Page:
Dubuque Storm from a Distance

The photos below were taken of the storm south of Dubuque that produced 1-2.5″ diameter size hail this evening.

Taken from Vinton by Jason Hicok

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Taken from Independence by Sandy Martin
DBQ Sandy Martin

Taken by Becky Meisgeier

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Taken 3 miles NE of Hazleton by Danny Murphy

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This post was written by Schnack on April 29, 2013

Hail Photos

Here are some photos of the hail from the storms this morning.

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Posted under Photo, Severe Weather

This post was written by Schnack on April 29, 2013

Weather Hot Shot on Mon. April 29

Submit your weather Hot Shot by clicking here.
One photo is shown on the 5 pm newscast and one on the 10 pm newscast.

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Posted under Hot Shots, Photo

This post was written by Schnack on April 29, 2013

A Wet Week Ahead…Colder By Thursday


UPDATED at 4:20 PM

Tonight: Partly cloudy with a 30% chance of showers/storms. Low: 57-61. Wind: S 10-20 mph.

Tuesday: Partly cloudy with a 30% chance of showers/storms. High: 76-84. Wind: SW 10-20 mph.

Tuesday Night: Mostly cloudy with a 60% chance of showers/storms. Low: 46-56.

Wednesday: Cloudy with a 60% chance of showers and isolated storms. High: low 50s to upper 60s.

Thursday: Cloudy with a 60% chance of showers. High: mid 40s.

Friday: Cloudy with a 50% chance of showers. High: mid 40s.

Saturday: Cloudy with 40% chance of showers. High: mid 50s.

Sunday: Cloudy with 30% chance of showers. High: near 60.

Monday: Mostly cloudy. High: mid 60s.

A cluster of storms producing hail this morning tracked east along and mainly north of Highway 20. Hail was as large as 1.5” in diameter. By the time the storm arrived to the Mississippi River most of the hail reports were less than 0.5” in diameter. Here is just one of many photos of the hail. It was taken in Cedar Falls.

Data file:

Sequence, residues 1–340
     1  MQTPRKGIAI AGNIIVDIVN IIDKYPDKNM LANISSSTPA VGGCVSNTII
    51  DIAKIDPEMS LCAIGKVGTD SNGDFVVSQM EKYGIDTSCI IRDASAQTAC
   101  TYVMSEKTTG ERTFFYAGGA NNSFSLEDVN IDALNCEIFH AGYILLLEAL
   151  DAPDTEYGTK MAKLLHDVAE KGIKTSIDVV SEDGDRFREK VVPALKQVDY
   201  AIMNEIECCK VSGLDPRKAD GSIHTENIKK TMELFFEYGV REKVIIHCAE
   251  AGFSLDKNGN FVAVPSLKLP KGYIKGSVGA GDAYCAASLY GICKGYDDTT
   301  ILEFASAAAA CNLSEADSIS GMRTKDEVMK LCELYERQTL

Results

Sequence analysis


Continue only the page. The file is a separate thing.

Apr 29 Hail
The map below shows the rain estimate from the radar. It also shows the a rough idea of the path the core of the hail fell (red line).

Apr 29 Hail Path

There is chance of showers and storm to develop somewhere in SW Iowa tonight and track northeast. Isolated severe storms are possible with the main threat being hail and wind. A cold front is forecast to cross eastern Iowa Tuesday evening. Along the front there is another chance of isolated severe storms again. Hail and wind the primary threat. Here are the SPC severe weather outlooks for tonight and Tuesday.

Apr 29 Svr Wx Outlook
Here is the WPC forecast position of the cold front Tuesday evening.

Apr 29 Tue Eve Sfc Map
An area of low pressure will develop in the upper levels of the atmosphere and be cut off from the main air flow (typically west to east). Since it does not fall in the main air flow the low will not move very much for a few days. This is very typical of cut off lows. Under and around the low it is cloudy and cool with scattered showers. That is exactly what we should expect Wednesday through Sunday. The map below shows the upper level low over Kansas and Oklahoma Friday morning.

Apr 29 Upper Level Low
The coldest days, through Monday will be Thursday and Friday with high temperatures in the low to mid 40s.

The persistent rain expected each day will add up after awhile. Rain amounts could range from 2-4” across parts of Iowa. Here is the rain forecast from Monday evening to Saturday evening.

Apr 29 QPF
Finally by the time Monday rolls around the low will slowly move east and dry weather will be back as well as warmer temperatures.

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Posted under Forecast Discussion

This post was written by Schnack on April 29, 2013

April 29

TodayinWeatherHistoryFrom NWS
1984